Examples of accidents that may be covered by this Act include:
- Falling overboard
- Machinery explosions
- Electrical shocks
- Chemical exposure
Only personal representatives of the deceased or the victim’s family members, including the victim’s parents, spouse, or children, may recover damages under the Death on the High Seas Act. The damages that these family members may recover are only pecuniary losses. Those are damages such as the loss of financial support. Unlike typical wrongful death claims, the DOHSA does not allow family members to recover compensation for pre-death medical expenses related to the accident.
To determine if the circumstances of a loved one’s death meet the standards laid out in the Death on the High Seas Act, it is best to consult with an experienced attorney who can review the facts surrounding your case.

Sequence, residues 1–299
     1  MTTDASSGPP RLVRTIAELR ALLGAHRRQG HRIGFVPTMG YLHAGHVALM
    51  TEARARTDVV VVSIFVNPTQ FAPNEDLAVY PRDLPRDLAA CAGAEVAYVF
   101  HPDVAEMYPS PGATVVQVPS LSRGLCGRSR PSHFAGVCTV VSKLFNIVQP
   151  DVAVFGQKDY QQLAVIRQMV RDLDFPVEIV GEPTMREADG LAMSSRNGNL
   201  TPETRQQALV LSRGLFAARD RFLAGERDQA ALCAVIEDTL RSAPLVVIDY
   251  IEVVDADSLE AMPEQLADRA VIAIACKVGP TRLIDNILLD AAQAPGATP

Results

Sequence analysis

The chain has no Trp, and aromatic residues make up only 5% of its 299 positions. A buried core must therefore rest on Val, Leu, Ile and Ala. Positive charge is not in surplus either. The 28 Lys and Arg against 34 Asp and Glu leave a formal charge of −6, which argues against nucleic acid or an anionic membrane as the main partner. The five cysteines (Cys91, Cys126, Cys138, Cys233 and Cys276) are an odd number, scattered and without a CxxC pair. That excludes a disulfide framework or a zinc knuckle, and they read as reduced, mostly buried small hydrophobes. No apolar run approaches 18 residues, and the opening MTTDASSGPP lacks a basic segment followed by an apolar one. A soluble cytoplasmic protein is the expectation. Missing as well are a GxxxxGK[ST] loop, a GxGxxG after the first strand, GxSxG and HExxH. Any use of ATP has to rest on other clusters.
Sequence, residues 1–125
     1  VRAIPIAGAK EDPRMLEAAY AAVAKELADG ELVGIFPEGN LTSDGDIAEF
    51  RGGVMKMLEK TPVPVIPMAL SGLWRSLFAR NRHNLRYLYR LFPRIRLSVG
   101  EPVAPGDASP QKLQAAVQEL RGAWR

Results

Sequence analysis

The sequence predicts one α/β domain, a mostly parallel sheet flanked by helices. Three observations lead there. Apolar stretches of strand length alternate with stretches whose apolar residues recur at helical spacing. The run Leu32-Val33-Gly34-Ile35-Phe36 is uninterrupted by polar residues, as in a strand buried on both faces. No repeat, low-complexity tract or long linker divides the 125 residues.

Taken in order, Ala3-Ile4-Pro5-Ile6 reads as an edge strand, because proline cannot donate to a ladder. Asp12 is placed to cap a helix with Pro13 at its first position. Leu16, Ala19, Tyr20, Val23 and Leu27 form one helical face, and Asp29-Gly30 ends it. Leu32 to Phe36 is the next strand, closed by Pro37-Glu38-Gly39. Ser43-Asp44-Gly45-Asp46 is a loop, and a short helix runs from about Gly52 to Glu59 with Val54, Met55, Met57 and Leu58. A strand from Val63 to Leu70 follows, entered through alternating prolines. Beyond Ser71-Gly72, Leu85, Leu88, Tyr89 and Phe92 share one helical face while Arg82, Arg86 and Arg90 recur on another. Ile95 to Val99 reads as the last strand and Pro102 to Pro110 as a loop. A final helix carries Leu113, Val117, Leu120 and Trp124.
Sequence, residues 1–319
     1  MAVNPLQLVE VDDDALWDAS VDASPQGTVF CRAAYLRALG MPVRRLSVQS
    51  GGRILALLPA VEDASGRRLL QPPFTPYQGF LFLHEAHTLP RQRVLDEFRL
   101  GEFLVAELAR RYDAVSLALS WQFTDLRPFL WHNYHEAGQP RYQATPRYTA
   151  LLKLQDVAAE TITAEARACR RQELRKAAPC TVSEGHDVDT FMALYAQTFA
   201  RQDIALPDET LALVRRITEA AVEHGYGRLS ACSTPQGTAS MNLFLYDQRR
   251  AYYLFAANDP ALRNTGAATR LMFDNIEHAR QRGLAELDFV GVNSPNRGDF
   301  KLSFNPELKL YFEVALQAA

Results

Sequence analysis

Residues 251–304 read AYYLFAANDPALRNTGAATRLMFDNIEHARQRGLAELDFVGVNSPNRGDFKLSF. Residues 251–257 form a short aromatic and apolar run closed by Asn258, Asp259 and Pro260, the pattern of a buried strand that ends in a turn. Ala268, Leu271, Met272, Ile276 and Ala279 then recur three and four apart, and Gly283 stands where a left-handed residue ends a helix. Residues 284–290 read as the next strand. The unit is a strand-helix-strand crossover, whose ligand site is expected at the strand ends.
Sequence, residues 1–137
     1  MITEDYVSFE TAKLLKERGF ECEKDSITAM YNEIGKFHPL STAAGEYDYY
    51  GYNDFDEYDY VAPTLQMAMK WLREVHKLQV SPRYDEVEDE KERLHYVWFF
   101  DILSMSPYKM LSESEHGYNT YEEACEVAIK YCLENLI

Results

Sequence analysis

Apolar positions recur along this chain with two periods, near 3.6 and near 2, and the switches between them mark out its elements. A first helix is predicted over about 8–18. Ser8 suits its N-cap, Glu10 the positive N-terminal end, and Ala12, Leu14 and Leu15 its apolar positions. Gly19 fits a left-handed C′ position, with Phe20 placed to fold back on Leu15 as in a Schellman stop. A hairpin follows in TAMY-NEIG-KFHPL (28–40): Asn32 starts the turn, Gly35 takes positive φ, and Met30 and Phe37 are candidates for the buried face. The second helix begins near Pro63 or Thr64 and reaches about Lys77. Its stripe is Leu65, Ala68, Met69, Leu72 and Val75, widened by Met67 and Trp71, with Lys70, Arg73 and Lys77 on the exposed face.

Types of Maritime Cases We Handle
The variety of accidents that occur at sea or near the water’s edge and the number of maritime specific laws and regulations that govern these accidents can make it confusing for workers to know what they are entitled to. At Veron, Bice, Palermo & Wilson, LLC, we have experience handling a wide variety of maritime cases. We understand the various laws and how to apply them to your specific case. That means we know how to find you the maximum compensation available. We also work diligently to make sure you have a solid case so that you have the best chance to receive that compensation.
These are just some of the types of claims we can handle:
- Unseaworthy vessels
- Unsafe equipment